I definitely made the mistake of not adequately planning my exit. It was a good lesson to re-learn.

I see the wisdom of backing out, fender on the bow, but I'm not sure it is possible while single-handing, and with prop walk against me. I'll certainly try it if I get myself stuck like that again, but do you think the above advice still holds for a single-hander?
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Old 23-02-2018, 12:11   #7
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Re: How to get off of a windward dock

Can do single handed.

Run the spring line from the bow to the dock cleat attach to the dock cleat by making a bow line and leave a loop big enough to hook loosely over the aft horn of the dock cleat. Once the bow line is in place tie off the rest of the line with a fair amount of slack within reach at the helm. Idle the engines in gear to hold the boat tight on the line and against the dock. Remove all other lines.

As you reverse the bow line will slide off by itself or for some reason it hangs up you can shake it loose.

The line won't get tangled in your prop so you can just forget about it until you are free and clear.
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Old 23-02-2018, 12:13   #8
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Re: How to get off of a windward dock

I see you are in Anacortes. All over the Salish Sea you are more likely to have "bull-rails" on the dock than cleats or pad eyes. Therefore, to add to what others have said, if you are single-handing, you can belay your spring to your cleat or samson post on the foredeck, run it out through the chock on your rail and thence under the bull-rail BEHIND one of it's stand-offs about opposite your helming position, then back to the bow chock (which effectively doubles the springline), thence along the deck back to the cockpit, where you make it fast temporarily.

When you are ready in all respects, you proceed as Dockhead describes, until you are at an angle of 45º or so to the dock. At the same moment you lay the helm over and pour the coal on in reverse, you slip the line at the cockpit. As the boat backs away, she'll pull the line through the chock and the bull-rail so it drops into the water and you are free of the dock.

You see the dangers in doing this!

1) You MUST be sure that the line will run clear. The eye-splices in boughten dock lines should IMO be removed. They are dangerous and unnecessary. In any event, for this particular maneuvre you will find that you need a line longer than the boughten ones usually are. So make one up and call it a "warping line". It needs to be a little longer than three times your length on deck. Even an end-splice (in 3-strand) can make this maneuvre impossible due to the risk of "hanging up". Mine has it's ends carefully whipped for that reason.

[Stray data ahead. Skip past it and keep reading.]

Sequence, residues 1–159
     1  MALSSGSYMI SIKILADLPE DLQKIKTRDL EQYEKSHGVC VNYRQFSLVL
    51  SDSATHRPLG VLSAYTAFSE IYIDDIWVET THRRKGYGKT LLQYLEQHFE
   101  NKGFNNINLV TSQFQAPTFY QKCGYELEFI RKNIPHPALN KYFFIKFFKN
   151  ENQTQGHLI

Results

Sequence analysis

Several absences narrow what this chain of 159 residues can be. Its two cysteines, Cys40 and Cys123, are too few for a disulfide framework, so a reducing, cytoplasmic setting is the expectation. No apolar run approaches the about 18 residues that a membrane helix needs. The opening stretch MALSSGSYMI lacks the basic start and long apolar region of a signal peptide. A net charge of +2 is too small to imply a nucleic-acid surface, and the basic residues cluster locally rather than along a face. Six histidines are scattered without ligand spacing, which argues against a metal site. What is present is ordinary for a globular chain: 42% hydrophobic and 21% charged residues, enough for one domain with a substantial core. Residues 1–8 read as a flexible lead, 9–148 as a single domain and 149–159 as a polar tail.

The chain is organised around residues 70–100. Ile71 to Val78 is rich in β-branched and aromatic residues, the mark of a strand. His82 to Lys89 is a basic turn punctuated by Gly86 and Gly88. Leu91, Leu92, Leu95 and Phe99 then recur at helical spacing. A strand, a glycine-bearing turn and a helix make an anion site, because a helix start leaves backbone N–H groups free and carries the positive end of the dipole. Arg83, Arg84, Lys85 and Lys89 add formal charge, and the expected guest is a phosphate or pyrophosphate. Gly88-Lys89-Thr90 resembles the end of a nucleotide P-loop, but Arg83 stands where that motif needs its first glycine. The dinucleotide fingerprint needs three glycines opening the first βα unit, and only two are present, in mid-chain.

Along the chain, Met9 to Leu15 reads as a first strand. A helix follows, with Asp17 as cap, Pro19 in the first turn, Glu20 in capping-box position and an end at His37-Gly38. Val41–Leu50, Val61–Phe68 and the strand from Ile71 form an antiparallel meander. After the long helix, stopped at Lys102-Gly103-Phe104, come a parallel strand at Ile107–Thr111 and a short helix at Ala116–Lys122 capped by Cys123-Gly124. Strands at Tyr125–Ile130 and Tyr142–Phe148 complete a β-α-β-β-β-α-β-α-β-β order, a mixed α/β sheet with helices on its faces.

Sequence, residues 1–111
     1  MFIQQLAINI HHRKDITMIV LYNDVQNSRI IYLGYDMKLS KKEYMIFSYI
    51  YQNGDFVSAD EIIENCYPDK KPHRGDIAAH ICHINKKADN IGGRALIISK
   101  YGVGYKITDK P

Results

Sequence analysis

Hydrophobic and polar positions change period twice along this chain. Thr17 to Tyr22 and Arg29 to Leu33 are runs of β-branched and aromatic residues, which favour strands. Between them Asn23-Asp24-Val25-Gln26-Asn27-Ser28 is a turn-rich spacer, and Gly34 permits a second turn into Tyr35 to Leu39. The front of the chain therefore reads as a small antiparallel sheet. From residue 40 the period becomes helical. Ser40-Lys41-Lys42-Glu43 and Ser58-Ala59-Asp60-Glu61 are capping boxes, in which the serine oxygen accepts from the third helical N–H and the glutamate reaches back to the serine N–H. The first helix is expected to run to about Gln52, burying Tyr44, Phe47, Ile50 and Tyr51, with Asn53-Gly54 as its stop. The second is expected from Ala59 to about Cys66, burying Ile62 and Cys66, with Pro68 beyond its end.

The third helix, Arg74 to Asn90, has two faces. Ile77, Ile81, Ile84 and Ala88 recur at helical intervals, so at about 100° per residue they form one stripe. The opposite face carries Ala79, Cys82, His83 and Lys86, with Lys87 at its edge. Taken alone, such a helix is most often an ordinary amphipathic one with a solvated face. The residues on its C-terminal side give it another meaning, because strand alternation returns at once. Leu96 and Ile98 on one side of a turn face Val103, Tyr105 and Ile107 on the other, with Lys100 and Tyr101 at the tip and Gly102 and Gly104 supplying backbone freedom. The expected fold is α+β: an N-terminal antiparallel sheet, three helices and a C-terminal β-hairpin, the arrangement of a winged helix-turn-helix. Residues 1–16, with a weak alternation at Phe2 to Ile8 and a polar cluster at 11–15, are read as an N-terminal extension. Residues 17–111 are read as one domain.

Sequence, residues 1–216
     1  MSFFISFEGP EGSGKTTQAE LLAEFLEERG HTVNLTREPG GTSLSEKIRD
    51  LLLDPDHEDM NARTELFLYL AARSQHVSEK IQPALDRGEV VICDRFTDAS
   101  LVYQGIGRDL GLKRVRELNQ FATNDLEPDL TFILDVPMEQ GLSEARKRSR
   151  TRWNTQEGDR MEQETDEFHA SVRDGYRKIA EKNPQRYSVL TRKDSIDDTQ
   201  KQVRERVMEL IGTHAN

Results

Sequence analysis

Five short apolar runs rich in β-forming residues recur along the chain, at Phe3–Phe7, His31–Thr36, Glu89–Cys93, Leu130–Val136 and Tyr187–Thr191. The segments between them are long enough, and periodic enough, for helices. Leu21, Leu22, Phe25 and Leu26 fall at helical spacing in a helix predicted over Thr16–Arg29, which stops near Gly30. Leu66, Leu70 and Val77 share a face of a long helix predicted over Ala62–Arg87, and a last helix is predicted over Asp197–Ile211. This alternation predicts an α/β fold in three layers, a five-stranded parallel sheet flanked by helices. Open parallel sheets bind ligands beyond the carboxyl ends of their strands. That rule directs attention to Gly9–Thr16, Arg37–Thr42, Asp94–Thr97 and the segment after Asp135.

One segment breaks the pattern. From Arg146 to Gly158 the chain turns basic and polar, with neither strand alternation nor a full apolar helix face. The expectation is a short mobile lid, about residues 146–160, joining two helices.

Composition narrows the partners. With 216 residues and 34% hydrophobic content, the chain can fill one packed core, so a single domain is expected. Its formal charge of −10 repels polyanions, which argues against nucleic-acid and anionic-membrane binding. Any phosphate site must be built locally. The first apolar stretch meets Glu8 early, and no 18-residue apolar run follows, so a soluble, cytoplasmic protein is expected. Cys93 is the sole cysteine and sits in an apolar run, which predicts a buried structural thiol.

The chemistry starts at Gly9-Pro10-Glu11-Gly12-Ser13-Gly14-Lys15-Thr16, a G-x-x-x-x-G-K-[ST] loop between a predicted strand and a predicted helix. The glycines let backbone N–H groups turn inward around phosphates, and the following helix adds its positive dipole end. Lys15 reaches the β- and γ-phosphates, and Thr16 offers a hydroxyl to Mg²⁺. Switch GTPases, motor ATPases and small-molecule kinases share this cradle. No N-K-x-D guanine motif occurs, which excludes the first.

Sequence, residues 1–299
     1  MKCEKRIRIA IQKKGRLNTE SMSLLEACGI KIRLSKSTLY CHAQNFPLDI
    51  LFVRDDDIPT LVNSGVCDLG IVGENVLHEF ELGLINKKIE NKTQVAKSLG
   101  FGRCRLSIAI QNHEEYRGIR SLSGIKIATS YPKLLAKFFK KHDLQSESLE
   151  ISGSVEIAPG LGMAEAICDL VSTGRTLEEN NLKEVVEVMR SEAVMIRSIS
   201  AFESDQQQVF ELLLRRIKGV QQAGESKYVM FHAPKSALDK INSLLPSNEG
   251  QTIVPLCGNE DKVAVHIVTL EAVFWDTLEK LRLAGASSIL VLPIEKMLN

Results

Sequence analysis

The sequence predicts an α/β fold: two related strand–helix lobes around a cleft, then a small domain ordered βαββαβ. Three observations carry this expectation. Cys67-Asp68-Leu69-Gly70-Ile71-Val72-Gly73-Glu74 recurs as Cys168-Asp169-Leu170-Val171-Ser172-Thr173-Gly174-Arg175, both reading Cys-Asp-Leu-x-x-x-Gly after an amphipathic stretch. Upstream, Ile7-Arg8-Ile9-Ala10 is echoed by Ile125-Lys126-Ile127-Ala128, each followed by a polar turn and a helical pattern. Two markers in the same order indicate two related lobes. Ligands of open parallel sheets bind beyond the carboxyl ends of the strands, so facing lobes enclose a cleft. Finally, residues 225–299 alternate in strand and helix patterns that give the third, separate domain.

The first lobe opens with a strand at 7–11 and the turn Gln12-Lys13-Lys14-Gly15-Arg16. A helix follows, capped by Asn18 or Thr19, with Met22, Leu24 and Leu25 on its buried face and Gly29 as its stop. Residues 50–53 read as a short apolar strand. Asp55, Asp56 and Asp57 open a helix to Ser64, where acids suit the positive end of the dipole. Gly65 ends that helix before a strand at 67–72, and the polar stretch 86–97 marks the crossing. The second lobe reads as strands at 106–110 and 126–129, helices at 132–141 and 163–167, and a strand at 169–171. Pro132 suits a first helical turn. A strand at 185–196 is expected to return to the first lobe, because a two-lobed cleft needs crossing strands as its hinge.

2) You MUST be certain that you have enuff room to back away long enuff to keep the line streaming out AHEAD of you so it doesn't get in the prop. Or anything else :-)! Do NOT make headway till the line is aboard! Once you are clear of the dock and you have enuff sea-room to drift on the wind (and allowing for the set of the tide) you can stop you screw and go forward to clear away the line.

When you are single-handing it is ABSOLUTELY essential that you KNOW with precision how long it takes to perform a given task, or complete a certain evolution. Only experience in the given boat will tell you that :-)

These kind of exotic evolutions are best practiced by a mooring can, rather than by a dock :-)!

TP
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Old 23-02-2018, 16:47   #9
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Re: How to get off of a windward dock

This is the technique that I try to use IE

- Spring line from bow running aft to a cleat on the dock.
- Engine in forward with helm turned to point the bow into the dock.
- Once the stern springs out, reverse away from the dock until well clear then depart as appropriate.

However, I have a few problems in the implementation that I need to figure out.

1. My last two boats both had sharp, flared bows so as the stern swung out and the point of contact between boat and dock moved forward the rubrail would no longer be effective so I'm pivoting on fiberglass or the bow pulpit.

OR

2. Most of the docks and marinas in my part of the world have pilings so I may start pivoting on a piling but as the boat swings it puts the stem against the dock, more glass gouging. If I try to go farther forward on the piling I end up again with problem #1.

3. Relating to 1 and 2. If I place fenders in appropriate locations as I apply power the spring stretches and the fender is no longer protecting the boat.